Skip navigation

Facebook Pushes Limits for Memcached

Facebook provides details on how it has used memcached to scale its capacity to 200,000 UDP requests per second. Yep, per second.

FacebookWhen engineers discuss massive web scalability, the conversation often turns to memcached, the object caching system used to speed database-driven dynamic web application. Facebook has been among the sites that has leveraged the capabilities of memcached to keep pace with rapid audience growth.

"Here at Facebook, we're likely the world's largest user of memcached," writes Paul Saab of the Facebook engineering team in a post that details how Facebook has refined its use of memcached to handle up to 200,000 UDP requests per second in production. "The total throughput achieved is 300,000 UDP requests/s, but the latency at that request rate is too high to be useful in our system," Saab writes. "This is an amazing increase from 50,000 UDP requests/s using the stock version of Linux and memcached."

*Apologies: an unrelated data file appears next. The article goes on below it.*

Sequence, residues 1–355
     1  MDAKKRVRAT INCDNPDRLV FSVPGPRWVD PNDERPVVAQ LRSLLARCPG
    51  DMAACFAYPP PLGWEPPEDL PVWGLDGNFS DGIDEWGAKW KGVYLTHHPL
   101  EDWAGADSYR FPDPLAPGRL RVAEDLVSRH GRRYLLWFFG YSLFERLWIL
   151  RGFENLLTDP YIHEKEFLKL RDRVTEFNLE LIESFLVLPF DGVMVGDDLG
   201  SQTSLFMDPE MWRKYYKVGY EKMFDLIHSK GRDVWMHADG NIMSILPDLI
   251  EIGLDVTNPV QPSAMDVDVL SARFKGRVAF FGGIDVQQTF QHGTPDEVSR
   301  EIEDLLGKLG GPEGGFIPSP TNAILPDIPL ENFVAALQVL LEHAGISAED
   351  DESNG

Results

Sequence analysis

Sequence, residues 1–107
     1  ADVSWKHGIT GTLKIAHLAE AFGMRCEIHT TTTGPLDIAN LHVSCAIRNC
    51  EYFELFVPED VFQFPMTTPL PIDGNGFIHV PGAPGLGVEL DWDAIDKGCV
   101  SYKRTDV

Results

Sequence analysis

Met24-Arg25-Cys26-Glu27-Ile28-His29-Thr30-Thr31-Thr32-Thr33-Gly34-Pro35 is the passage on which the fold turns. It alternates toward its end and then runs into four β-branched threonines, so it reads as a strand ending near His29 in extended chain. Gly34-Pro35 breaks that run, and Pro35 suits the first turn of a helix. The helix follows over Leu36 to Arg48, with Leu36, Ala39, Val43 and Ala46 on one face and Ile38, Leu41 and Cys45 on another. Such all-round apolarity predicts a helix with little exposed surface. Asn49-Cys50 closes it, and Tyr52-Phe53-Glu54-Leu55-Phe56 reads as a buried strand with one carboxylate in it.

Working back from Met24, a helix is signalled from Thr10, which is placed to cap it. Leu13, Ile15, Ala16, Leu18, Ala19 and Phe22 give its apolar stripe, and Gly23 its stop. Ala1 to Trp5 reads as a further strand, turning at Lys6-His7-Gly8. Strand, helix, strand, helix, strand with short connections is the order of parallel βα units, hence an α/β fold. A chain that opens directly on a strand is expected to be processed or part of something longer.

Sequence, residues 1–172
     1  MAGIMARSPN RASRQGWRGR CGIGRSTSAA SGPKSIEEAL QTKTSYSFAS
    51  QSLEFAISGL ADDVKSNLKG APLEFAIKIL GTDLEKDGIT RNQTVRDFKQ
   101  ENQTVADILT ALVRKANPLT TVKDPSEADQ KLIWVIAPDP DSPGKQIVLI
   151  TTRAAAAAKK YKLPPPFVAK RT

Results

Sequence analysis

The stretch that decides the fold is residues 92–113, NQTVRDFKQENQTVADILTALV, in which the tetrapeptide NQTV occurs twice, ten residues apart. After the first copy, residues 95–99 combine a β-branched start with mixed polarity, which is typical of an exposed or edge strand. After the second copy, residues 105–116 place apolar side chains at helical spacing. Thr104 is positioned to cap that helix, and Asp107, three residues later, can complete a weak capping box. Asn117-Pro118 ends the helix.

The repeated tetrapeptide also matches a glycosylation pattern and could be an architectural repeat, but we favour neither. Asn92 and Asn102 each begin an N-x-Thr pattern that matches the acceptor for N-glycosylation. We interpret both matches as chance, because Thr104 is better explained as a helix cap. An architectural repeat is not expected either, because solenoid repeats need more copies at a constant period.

See the Facebook Engineering Blog for details on how they've done it, and High Scalability for additional analysis.

Facebook said it hopes to get its enhancements incluced in the official memcached code, but in the meantime has published its changes to memcached on the social code repository github.

Hide comments


  • Allowed HTML tags: <em> <strong> <blockquote> <br> <p>

Plain text

  • No HTML tags allowed.
  • Web page addresses and e-mail addresses turn into links automatically.
  • Lines and paragraphs break automatically.